Further, Harlow and pals put little monkeys into contraptions that isolated them from others, visually, physically, and even out of hearing, and the babies became despondent. The good news was that the researchers were also pretty successful at reversing the psychological damage done to these animals by slowing introducing happy little touchy-feely peer monkeys into their cages as therapists.
Harlow's monkey work was important because, at the time, pediatricians, child care "experts," and everybody's grandmother had a "no touch, no comfort" policy toward children. They adamantly advised parents not to respond to crying babies, felt infants should sleep alone to grow up independent.
But Harlow's work changed all that. Mothers were soon permitted to have their newborns next to them in the hospital, and these days no one looks askance at a baby in a sling.
The current chimp research builds on Harlow's work by showing that mother love doesn't just make for a psychologically well-adjusted child, it also makes for a smart kid. Bard and colleagues evaluated the cognitive abilities of the chimps when they were 12 months old with standard human tests for children of that age, tests that ask little kids to imitate squiggles on paper and pick up a cup to find a rock.
The highly nurtured chimps did better than the ones without a history of attachment, and what do you know, the well-nurtured chimps did even better than human kids on this pint-sized IQ test.
And so we hear it once again. We are primates, social animals which need attachment and love . We need to be held and talked to and made to feel that at least one person wants to be with us all the time. And if we get that kind of connection, we are bound to be fine, even better than fine.
Researchers from Denver evaluated 681 children born in 1998 in Colorado, asking their parents about childhood vacation destinations and then conducting skin exams when the children were age 7 to look for nevi -- commonly known as moles. These moles are a risk factor for developing malignant melanoma, the most deadly form of skin cancer.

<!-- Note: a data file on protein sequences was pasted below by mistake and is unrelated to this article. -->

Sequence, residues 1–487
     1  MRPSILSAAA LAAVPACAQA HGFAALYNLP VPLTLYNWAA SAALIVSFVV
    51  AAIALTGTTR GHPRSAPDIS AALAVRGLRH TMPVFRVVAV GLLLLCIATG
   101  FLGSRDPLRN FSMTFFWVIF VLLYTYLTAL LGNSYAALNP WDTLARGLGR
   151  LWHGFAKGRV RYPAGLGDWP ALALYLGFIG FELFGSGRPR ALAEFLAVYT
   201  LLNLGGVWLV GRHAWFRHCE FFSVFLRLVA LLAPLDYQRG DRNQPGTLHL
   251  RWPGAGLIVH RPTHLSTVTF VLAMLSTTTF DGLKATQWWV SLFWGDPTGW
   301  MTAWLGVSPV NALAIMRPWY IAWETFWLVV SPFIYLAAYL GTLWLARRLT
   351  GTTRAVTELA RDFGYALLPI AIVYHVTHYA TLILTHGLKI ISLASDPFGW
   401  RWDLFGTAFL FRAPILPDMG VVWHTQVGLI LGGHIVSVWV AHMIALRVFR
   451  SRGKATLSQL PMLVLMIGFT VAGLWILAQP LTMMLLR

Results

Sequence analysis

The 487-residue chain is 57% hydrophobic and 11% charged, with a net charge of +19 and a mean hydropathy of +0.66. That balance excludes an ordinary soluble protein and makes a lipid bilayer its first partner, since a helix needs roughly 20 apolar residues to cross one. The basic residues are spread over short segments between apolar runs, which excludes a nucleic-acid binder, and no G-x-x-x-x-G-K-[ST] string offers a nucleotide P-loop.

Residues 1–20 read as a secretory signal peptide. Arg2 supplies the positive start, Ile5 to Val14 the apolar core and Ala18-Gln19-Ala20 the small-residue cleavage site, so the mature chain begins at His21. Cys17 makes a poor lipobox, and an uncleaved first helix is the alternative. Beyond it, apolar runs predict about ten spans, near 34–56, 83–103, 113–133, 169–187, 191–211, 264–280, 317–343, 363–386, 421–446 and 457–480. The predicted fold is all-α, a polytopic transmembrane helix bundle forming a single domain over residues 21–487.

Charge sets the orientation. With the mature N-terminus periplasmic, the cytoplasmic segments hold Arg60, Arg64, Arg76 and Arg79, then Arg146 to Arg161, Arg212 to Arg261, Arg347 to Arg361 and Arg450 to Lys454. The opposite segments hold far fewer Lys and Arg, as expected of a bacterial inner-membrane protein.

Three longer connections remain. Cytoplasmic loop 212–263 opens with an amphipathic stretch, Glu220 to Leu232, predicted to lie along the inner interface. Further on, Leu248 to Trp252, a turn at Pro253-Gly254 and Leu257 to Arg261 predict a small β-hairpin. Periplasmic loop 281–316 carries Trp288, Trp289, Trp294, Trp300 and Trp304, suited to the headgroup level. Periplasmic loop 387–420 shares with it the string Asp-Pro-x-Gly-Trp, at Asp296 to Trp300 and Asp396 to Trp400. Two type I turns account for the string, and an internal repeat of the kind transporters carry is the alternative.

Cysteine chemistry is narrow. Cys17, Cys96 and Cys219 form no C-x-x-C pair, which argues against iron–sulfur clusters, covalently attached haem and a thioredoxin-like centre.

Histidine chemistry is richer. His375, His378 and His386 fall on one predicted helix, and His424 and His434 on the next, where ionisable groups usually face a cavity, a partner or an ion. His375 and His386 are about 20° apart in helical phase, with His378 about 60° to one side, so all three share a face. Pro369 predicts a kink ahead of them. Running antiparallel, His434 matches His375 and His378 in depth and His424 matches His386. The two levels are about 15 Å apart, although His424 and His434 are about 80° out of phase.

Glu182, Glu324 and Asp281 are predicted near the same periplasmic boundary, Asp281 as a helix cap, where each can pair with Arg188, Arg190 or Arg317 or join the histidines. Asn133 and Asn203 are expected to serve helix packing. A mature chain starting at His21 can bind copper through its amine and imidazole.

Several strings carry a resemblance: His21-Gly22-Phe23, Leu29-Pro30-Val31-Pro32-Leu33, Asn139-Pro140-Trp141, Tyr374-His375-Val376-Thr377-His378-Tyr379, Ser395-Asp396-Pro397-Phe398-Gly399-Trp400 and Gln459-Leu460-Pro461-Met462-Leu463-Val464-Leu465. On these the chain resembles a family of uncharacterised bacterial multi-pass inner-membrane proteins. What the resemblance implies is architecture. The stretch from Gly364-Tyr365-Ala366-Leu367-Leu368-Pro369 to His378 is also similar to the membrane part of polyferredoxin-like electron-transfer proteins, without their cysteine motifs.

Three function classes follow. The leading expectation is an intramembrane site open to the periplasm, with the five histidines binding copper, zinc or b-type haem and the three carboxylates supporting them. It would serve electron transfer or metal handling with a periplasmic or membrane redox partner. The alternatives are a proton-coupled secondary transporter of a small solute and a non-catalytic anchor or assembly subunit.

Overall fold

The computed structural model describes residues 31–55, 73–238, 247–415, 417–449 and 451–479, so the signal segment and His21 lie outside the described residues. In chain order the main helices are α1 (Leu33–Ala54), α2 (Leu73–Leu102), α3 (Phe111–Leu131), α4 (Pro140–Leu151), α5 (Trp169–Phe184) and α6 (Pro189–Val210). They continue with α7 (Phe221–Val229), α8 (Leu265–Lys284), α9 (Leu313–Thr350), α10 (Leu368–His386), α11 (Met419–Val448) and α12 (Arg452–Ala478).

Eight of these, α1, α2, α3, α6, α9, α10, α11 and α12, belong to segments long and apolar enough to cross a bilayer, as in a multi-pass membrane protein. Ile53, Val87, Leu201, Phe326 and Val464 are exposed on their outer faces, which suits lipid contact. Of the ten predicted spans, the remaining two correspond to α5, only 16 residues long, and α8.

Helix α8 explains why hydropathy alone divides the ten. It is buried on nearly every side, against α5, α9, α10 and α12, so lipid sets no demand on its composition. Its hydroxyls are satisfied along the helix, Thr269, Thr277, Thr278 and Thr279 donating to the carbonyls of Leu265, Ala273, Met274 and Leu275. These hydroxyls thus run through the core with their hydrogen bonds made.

"Moles went up 5 percent for every vacation they took [beginning at age 1 year]," said study senior author Lori Crane, an associate professor and chairwoman of community and behavioral health at the Colorado School of Public Health.
The American Cancer Society estimates there will be about 62,500 new cases of melanoma in 2008, and about 8,400 deaths.
Crane said that, while daily sun exposure at home wasn't found to be related to the number of moles that developed on the children, there was a link to the number of vacations by the water. And the moles seemed to increase despite sunscreen use. "Ninety percent said they used sunscreen most or all of the time," she said.
Crane, like other experts, said parents often believe sunscreen is a safeguard against skin cancer. While sunscreen does offer some protection, children who wear it may stay out in the sun longer -- long after the protection from the sunscreen has subsided, she said.
Another skin cancer expert said the new study confirms what many dermatologists have long known -- that increased sun exposure, especially intermittent exposure in childhood, increases the risk of melanoma later in life.
While other skin cancers, such as squamous cell, are linked to cumulative sun exposure, "for melanoma, the story is a little more muddled," said Dr. Clifford Perlis, director of MOHS and dermatologic surgery at Fox Chase Cancer Center in Philadelphia. "It's not always linked to cumulative exposure, but to intermittent. The reasons are not clear."
"What this study does support is what we have been saying for a long time -- limit sun exposure during peak hours. Wear protective clothing," Perlis said. Sunscreen is also advised.